Without a doubt, people and culture are once again at the top of the agenda. That was the case last year. It’s the case this year. What we find here is that even amid an uncertain economy, and with inflationary conditions and fears of a possible recession over the next 12 months, people, talent and cultural issues are standing out as critical concerns to board members and C-suite executives.
There are several subthemes that have emerged in this respect. First of all, finding and keeping top talent is the top risk not only looking out 12 months but also looking out long-term. That is an important consideration here — not only acquiring and retaining talent but also the focus on succession challenges: How do you preserve and maintain your core of top talent? This is globally. Going back to Mark’s comment earlier about Significant Impact risk, how we measured that, this is the one risk that is rated globally at the Significant Impact level.
Then, there are other subthemes as well. The future of work continues to be a defining business challenge. We made that assertion two or three years ago when we saw the 2020s as a disruptive decade, but we also articulated that the future of work was a defining business challenge. This is the state of labor markets and the expected adoption of emerging technologies, artificial intelligence, automation in all of its forms and other technologies such that significant efforts will be necessary to upskill and reskill existing employees over the next decade to realise the full value proposition associated with these technologies. This is the seventh- and the second-rated risk for 2023 and 2032, respectively. This is another people-and-culture-type risk that has legs to it looking out 10 years.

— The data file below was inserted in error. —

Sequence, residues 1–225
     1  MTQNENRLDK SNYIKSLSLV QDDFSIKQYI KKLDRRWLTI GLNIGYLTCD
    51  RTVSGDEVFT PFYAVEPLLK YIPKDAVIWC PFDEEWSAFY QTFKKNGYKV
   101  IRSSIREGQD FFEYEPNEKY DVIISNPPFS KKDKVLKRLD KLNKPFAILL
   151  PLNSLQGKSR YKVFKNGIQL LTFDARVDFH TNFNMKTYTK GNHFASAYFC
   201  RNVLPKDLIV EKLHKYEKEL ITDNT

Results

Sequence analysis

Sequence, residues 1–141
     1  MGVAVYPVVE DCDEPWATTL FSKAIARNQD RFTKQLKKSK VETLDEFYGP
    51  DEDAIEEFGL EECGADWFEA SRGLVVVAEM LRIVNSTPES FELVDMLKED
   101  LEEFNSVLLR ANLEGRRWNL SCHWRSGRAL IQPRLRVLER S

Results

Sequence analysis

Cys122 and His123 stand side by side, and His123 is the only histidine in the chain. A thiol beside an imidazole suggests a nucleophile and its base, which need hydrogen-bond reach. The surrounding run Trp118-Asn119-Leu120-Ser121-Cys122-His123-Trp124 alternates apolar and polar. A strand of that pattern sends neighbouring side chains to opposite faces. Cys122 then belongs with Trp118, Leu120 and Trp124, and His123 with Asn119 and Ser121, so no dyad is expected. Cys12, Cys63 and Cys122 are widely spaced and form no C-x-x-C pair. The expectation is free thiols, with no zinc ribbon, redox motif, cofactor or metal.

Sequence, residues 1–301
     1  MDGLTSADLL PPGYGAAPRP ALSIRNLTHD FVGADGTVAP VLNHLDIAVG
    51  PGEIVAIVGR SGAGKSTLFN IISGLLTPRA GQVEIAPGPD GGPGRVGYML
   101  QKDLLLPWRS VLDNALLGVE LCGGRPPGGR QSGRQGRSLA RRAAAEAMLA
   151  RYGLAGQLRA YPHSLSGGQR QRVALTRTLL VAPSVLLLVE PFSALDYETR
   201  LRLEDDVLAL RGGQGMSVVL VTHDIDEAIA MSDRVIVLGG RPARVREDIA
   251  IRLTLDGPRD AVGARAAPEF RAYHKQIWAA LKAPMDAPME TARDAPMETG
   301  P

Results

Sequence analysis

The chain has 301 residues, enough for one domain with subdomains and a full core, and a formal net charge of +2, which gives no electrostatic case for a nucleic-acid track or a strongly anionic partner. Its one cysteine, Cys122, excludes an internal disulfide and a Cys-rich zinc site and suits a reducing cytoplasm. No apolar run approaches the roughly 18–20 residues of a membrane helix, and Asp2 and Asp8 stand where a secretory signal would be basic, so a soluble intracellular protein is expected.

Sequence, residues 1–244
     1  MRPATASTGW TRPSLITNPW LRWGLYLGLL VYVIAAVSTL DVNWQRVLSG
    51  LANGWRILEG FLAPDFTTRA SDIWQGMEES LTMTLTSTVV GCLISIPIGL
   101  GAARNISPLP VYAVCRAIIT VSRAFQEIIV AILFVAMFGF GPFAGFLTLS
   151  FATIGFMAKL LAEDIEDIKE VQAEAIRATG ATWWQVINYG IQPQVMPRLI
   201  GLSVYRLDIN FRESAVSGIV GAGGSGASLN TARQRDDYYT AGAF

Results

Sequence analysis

As Mark indicated earlier, rising labor costs is an elevated concern. It’s on everybody’s mind, and there’s not a whole lot I need to add to that. Again, it was, interestingly, not only a near-term risk but also the 10th-rated risk for 2032 — another people and culture risk with legs to it looking out 10 years.
Culture remains a priority, and it has increased in significance relative to other risks. You have two aspects of this: First of all, resistance to change, we find that is an anomaly in that everybody sees a very rapidly changing risk landscape, and yet we’re resistant to change here in our organisation. Those are two different perspectives that simply don’t mix well — they’re oil and water. That’s one aspect of culture. The other one is the ability to escalate and communicate emerging risk issues and market opportunities upward through the organisation. That’s extremely important because without that, leaders risk losing touch with what’s happening in the marketplace. It’s the real action, and what’s really being seen in the marketplace is on the front lines.
Finally, another subpart is, workplace evolution is more of a near-term issue. These are concerns over whether an organisation can manage the ongoing demands on or expectations of a significant portion of the workforce to either work remotely or be a part of a transformed collaborative, hybrid work environment. This is the ninth-rated risk for 2023, but it’s not perceived as that important relative to other risks looking out 10 years. Longer-term, this is less of a concern, but near-term, leaders are struggling with it. The playbook hasn’t been written yet, and everyone’s learning as they go.
These are important risk issues, Mark, because talented people and culture are so interrelated. As the latter attracts the former and effectively led, the best and brightest engender innovative cultures that can compete and win in the digital age.